I am sure many of you reading this were like me and at one point had a subscription to Rolling Stone Magazine. And I wouldn't be shocked to learn that many of you also collected back issues of the music magazine, especially if the Beatles or John, Paul, George or Ringo were on the cover.
I had heard that the biography of the founder of Rolling Stone, titled Sticky Fingers The Life and Times of Jann Wenner and Rolling Stone magazine was an interesting book, especially for Beatles fans, so I thought I would give it a try. I am an extremely fast reader but this 560-page book took me over 3 weeks to finish. This book is "semi-authorized" in that Jann Wenner asked the author to write the book and was allowed to edit things that were about his personal life, but did not touch what was said about him professionally.
Jann Wenner (the name is pronounced "Yann" come to find out I have been mispronouncing his name wrong all these years) supposedly started R.S. magazine because he wanted to meet John Lennon. The book starts with a wonderful story of Jann and his wife Jane along with John and Yoko watching the film "Let it Be" almost alone in a California theater in 1970. This would be the first time John had seen the finished cut of the film and John left in tears.
Jann was a Beatles fan and thought John Lennon was basically the Beatles and the other three really didn't matter. He loved John so much that he put John as Private Gripweed on the cover of the first issue in 1967. The San Francisco magazine wasn't doing well financially in 1970 and John agreed to give Jann an exclusive interview with him and Yoko to help sell more magazines (well newspapers at that time). Part of the verbal agreement was that Jann would not use the interview outside of the confines of RS. This was, of course, the most controversial of all John Lennon Interviews are known today as "Lennon Remembers."
Jann went back on his word and published the full interview in book form. This made John Lennon extremely angry and he cut ties with Jann Wenner and Rolling Stone Magazine. In the big picture, the "Lennon Remembers" interview was not a good idea all around. Wenner didn't do well with the other Beatles either. Paul didn't like him because he thought that he favored John too much and George didn't like him because of the infamous "Lumbering in the Material World" article about the Dark Horse Tour. The book doesn't say anything at all about Ringo. It amazes me that RS was able to become so big without The Beatles support.
The book goes into a lot of detail about Jann's personal life. It paints a picture of a self-centered, party boy that was addicted to cocaine, and treated people poorly. He would sleep with both men and women even though he was married to Jane. However, I guess it didn't really matter because Jane had her affairs with a variety of men and women herself. By the time they moved the magazine from San Francisco to New York City, the Wenner's were living a jet-set rich life and were deep in debt. In the 1970's they loved to hob-knob with the rich and famous, even though most everyone disliked Jann (they all adored Jane). Personally, I found this time in the 1970's to drag on and on in this book and it could have been majorly cut down.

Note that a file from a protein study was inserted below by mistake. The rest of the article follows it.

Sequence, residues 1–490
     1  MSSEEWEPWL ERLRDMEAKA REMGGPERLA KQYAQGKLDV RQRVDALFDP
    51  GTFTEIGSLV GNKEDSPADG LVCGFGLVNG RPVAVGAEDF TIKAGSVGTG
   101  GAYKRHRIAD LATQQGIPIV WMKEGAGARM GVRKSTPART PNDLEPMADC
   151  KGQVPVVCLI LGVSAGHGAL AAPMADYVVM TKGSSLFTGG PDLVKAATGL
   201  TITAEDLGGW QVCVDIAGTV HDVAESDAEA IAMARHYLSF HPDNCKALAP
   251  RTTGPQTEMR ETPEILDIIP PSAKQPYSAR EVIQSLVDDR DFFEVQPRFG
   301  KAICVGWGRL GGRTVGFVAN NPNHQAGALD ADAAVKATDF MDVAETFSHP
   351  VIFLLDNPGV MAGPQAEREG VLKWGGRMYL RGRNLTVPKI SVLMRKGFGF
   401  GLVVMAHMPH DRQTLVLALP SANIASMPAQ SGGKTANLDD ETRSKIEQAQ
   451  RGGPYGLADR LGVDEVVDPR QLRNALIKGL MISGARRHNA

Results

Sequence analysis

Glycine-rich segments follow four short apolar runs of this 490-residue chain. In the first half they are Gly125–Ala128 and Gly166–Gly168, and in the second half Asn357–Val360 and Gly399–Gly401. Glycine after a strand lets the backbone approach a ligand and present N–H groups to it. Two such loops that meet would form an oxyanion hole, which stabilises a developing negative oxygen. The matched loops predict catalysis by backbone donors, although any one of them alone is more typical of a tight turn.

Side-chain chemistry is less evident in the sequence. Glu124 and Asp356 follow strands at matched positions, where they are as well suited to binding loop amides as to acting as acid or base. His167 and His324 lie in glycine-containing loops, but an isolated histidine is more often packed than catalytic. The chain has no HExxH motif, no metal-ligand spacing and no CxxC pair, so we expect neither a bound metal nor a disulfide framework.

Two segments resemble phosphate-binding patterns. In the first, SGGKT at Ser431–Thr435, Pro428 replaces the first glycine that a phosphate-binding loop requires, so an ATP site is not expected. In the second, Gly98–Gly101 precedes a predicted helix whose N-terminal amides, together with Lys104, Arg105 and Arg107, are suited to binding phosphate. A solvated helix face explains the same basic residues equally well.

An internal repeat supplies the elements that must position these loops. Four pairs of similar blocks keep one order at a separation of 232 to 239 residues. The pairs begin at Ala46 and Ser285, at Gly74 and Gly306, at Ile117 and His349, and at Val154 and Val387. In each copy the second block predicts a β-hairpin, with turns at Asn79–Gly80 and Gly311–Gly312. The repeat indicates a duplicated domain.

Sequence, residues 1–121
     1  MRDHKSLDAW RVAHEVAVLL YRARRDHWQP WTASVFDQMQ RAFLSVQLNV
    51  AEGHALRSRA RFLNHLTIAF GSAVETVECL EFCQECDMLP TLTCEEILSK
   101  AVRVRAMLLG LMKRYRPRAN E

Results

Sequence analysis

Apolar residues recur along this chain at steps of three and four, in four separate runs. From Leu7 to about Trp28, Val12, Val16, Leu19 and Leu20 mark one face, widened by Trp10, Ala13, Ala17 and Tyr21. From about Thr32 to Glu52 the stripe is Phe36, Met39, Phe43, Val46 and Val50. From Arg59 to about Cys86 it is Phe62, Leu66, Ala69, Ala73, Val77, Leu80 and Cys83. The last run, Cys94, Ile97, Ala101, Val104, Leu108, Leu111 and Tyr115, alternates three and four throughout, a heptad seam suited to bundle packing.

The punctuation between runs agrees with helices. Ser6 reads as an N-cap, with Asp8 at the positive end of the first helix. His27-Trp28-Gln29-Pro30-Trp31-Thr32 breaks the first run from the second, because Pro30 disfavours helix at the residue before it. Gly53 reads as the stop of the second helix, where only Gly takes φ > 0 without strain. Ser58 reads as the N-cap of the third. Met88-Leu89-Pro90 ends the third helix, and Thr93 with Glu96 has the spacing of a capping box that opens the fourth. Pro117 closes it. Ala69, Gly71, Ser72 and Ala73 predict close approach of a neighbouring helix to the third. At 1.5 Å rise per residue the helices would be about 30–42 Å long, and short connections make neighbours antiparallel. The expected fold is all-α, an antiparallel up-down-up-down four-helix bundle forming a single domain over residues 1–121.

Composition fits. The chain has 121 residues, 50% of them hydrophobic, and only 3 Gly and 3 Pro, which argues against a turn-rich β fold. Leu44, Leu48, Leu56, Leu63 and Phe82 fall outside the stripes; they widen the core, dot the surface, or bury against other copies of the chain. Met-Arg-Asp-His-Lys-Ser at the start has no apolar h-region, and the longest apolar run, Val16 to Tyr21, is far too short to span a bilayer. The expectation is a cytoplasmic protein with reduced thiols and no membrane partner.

A few interesting things: In 1974 Jann received a Polaroid photo of John and Paul at the beach house. The description of the photo given in the book does not match with anything I have in my files. There possibly could be another photo from April 1, 1974, of John and Paul that we haven't seen!
In 1977, there was a Rolling Stone 10th anniversary TV special that had a Beatles segment that is really messed up! $100,000 was spent on this segment of the failed show and you just need to look it up on Youtube to get the full trainwreck. People dressed up as Strawberries dancing around to a guru looking guy singing "Strawberry Field Forever??" I wonder if John or Paul saw this mess?
When John was murdered in 1980, Jann was devastated. Now John had not forgiven Jann for the Lennon Remembers book. He purposely gave the big interview in 1980 to Playboy and made it clear to Jann that he was allowing RS to do the photos and talk to him just because he needed the publicity for Double Fantasy. But Jann was a slick guy and after John's death, he became friends with Yoko Ono. He started going on talk shows and talking about his "good friend John Lennon." Jann and Jane along with Yoko and Sam H. would go shopping for expensive furniture together and Yoko considered Jann to be a real friend. Sean even ended up being the Godfather to one of Jann's sons. And the John Lennon tribute issue of RS with naked John curled up to a fully clothed Yoko is one of the best-known photos and best selling magazines of all time.
|1986 -- Yoko and Andy Warhol with Jann photo bombing in the background|
The book also goes into detail about Jann's involvement in the Rock n Roll Hall of fame and how Jann lied to Paul McCartney, which is why Stella wore the infamous "about f---- time" t-shirt when her Dad finally was inducted.
Jann was always willing to give new writers a chance and was a good businessman who made a lot of money. He just lead a crazy life with a lot of sex and drugs. In 2014, Yoko Ono gave him a peace award in Iceland because she thought he was depressed and that would cheer him up. Rolling Stone has had its up and down over the years and has gone through so many changes, but it remains still a mainstay when it comes to rock n roll journalism.
Sticky Fingers was an interesting book, but it was a slow reader. I would only recommend it to fans of rock n roll that are particually interested in how this classic magazine was ran.